• Minimize steps to make a purchase. The average checkout flow has nearly 15 form fields, which is roughly twice as many as necessary to make a sale. Take a tip from Amazon, where most products can be purchased in one click.

75% of shoppers make a purchase based on what they see in photos and videos not what they read. – GeoMarketing

2. Make data-driven decisions

Even if you’re achieving better than average results, there may be room for improvement. A/B testing can help.

It’s a randomized test with two variables presented to the user. It’s designed to give you data to help you understand which option performs best with your audience.

Some of the things you can test include:

  • Layout, such as number of columns, the appearance of the header and footer, and placement of images
  • Navigation, including the location and use of menus
  • Text, video and image content, such as the placement, length and type
  • Colors, with a focus on those known to increase sales

Comparing one aspect of your mobile website at a time allows you to accurately pinpoint the “winner.” When you test multiple elements at the same time, you muddy the results.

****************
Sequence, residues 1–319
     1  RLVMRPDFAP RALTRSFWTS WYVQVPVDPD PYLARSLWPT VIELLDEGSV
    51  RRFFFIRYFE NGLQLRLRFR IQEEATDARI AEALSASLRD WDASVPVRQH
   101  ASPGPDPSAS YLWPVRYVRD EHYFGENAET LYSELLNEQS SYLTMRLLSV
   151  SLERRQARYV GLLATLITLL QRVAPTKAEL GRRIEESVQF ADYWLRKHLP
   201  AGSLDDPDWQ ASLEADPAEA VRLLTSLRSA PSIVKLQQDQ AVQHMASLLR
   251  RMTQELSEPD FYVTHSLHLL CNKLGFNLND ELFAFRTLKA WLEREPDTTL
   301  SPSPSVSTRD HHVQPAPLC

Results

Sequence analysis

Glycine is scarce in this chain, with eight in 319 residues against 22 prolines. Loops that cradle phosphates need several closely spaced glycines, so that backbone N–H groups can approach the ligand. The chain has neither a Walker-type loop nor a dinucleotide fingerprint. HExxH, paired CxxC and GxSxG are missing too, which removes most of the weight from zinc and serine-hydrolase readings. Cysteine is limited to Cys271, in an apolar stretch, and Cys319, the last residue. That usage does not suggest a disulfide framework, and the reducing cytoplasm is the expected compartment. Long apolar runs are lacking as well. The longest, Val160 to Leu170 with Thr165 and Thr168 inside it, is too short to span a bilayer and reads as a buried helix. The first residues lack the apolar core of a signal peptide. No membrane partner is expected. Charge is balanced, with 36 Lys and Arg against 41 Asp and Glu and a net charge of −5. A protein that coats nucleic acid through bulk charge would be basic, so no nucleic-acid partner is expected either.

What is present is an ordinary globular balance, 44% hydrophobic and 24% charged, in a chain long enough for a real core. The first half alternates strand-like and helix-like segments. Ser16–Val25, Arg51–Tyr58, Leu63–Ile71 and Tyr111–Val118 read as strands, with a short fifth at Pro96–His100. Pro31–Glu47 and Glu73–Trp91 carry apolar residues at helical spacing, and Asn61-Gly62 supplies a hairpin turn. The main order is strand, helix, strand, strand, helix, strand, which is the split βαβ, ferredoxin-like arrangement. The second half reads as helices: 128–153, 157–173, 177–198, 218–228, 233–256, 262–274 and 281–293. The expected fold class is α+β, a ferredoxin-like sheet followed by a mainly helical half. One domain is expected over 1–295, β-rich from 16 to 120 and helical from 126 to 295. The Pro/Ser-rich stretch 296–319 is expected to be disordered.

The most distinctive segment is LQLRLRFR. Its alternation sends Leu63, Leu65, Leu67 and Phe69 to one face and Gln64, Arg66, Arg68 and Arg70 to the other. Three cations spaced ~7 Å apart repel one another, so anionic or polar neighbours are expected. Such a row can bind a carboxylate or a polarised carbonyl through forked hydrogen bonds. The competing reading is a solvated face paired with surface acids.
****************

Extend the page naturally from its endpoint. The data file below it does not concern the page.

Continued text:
A/B testing is best for checking on one element of our mobile site at a time.

3. Have a mobile-friendly website

Wireless handheld devices are everywhere, with the United States, China and India leading the pack. People have more opportunity than ever before to shop online, even when they’re on the go.

Try this.

Open your site on your smartphone right now and navigate it as a user. Do you like everything you see? Note if there are areas where you get impatient. Browse a few products and then choose one to buy. Along the way, note if there are areas where you get impatient or content that distracts you.

Here’s how to provide a mobile-friendly experience.

  • Make it fast. From buying on a web browser to making an in-app purchase on social media, a fast browsing experience is desirable. With so many options, waiting around for a page to load is out of the question for most people. Enter your URL into Google’s PageSpeed Insights tool to see how quickly your website loads. It will show you your page speed in several key categories and give you recommendations on where to improve. 
  • Easy-to-follow navigation. Make it easy with a simple navigation bar that remains prominently displayed at all times. Stay away from menus that disappear. At first glance, they seem to offer more space on the page, but they can be frustrating for users.